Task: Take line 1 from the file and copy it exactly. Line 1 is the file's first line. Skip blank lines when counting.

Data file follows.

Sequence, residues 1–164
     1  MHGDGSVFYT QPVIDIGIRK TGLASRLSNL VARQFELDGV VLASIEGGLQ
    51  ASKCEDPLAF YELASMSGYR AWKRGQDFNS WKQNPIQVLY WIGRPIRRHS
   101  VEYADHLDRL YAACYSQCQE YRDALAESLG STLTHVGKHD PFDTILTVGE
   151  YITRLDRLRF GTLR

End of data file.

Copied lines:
Sequence, residues 1–164